- #1

Terrell

- 317

- 26

## Homework Statement

Theorem: If ##X## is a topological space, each path component of ##X## lies in a component of ##X##. If ##X## is locally path connected, then the components and the path components of ##X## are the same.

I need help locating errors in my proof. Please help.

## Homework Equations

Definition (

**path and path-connected**). Given points ##x## and ##y## of the space ##X##, a path in ##X## from ##x## to ##y## is a continuous map ##f:[a,b]\to X## of some closed interval in the real line into ##X##, such that ##f(a)=x## and ##f(b)=y##. A space ##X## is said to be path connected if every pair of points of ##X## can be joined by a path ##X##.

Definition (

**components**).

Given ##X##, define an equivalence relation on ##X## by setting ##x \sim y## if there is a connected subspace of ##X## containing both ##x## and ##y##. The equivalence classes are the components (or the "connected components") of ##X##.

Definition(

**locally connected**). A space ##X## is said to be locally connected at ##x## if for every neighborhood ##U## of ##x##, there is a connected neighborhood ##V## of ##x## contained in ##Y##. If ##X## is locally connected at each of its points, it is said simply to be locally connected.

## The Attempt at a Solution

Let ##X## be a topological space and ##P## be a path component of ##X##. Note ##\forall x_1,x_2 \in P##, there exist a continuous function ##f:[a,b]\subset\Bbb{R}\to X## such that ##f(a)=x_1## and ##f(b)=x_2##. Since ##[a,b]## is connected, then ##f([a,b])## is also a connected subspace of ##X## and ##x_1,x_2 \in f([a,b])##. Thus, ##P\subseteq f([a,b])##. Since connnected subspaces lie entirely within a component, let ##f([a,b])\subset C## where ##C## is some component of ##X##. Hence, ##P\subset C##.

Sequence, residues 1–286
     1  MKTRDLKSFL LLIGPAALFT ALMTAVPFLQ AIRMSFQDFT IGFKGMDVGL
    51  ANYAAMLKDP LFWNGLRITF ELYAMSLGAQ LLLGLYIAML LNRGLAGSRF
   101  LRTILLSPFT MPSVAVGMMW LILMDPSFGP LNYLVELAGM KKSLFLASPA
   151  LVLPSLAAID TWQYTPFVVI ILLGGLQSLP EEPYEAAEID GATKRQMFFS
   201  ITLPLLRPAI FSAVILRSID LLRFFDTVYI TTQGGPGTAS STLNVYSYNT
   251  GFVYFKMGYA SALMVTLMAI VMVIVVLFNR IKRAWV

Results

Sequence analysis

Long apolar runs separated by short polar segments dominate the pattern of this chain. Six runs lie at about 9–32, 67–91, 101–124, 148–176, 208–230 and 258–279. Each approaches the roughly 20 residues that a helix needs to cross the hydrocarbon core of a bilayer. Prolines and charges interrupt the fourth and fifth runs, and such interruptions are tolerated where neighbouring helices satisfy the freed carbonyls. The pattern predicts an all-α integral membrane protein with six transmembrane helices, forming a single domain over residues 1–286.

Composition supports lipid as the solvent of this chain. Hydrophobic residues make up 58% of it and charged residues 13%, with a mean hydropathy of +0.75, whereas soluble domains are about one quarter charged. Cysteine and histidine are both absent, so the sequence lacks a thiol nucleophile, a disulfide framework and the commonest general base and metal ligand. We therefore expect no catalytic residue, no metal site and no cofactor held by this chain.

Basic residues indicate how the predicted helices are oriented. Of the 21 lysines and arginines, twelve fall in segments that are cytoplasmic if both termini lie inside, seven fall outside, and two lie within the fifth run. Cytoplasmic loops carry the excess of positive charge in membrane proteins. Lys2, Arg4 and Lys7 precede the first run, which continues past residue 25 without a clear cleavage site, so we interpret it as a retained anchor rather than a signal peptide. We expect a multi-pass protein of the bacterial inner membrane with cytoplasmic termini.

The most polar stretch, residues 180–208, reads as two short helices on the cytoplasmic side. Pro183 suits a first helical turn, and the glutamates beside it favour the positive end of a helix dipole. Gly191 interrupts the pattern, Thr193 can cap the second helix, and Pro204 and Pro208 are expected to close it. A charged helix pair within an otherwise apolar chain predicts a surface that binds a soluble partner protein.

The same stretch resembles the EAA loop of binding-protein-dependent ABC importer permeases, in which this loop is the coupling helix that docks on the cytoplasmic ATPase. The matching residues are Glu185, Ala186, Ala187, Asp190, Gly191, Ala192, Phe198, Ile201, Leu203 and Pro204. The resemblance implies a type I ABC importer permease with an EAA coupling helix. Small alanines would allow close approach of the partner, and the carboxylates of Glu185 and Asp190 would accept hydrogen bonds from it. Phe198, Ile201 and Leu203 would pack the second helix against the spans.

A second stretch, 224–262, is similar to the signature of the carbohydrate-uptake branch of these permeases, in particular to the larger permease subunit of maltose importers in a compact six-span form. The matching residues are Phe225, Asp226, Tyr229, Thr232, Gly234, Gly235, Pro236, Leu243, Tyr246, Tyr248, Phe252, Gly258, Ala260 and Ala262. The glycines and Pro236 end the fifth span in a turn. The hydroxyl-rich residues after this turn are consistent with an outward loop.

Moreover, what if we also assume that ##X## is locally path-connected. So far we have ##x_1,x_2 \in P## and ##f(a)=x_1, f(b)=x_2 \in f([a,b])##. Let ##x'\in f([a,b])##. We want to show ##f([a,b])\subset P##. Then, by local path-connectedness of ##X##, for every open set ##O'## in ##X## such that ##x' \in O'## imply there exists a path-connected neighborhood ##\mathscr{P'}## such that ##x'\in \mathscr{P'}\subset O'##. Since ##x'\in f([a,b])##, then ##\exists c\in [a,b]\subset\Bbb{R}(f(c)=x')##. Since ##f## is continuous, then ##g=f|_{[a,c]}## and ##h=f|_{[c,b]}## are continuous and by definition of a path, ##g(a)=x_1##, ##g(c)=x'##, ##h(c)=x'##, and ##h(b)=x_2## imply there exist paths between ##x_1## and ##x'## and also ##x'## and ##x_2##; denoted, ##x_1\sim x'## and ##x'\sim x_2## where ##\sim## relates two point linked by a path. Since ##\forall\alpha\in\mathscr{P'}(\alpha\sim x')##, then, by transitivity of ##\sim##, ##\alpha\sim x_1## and ##\alpha\sim x_2##. By the symmetry of ##\sim##, ##\mathscr{P'}\subset P##, ##P\subset\mathscr{P'}##, ##f([a,b])\subset\mathscr{P'}##, and ##\mathscr{P'}\subset f([a,b])##. Therefore, ##f([a,b])=P##.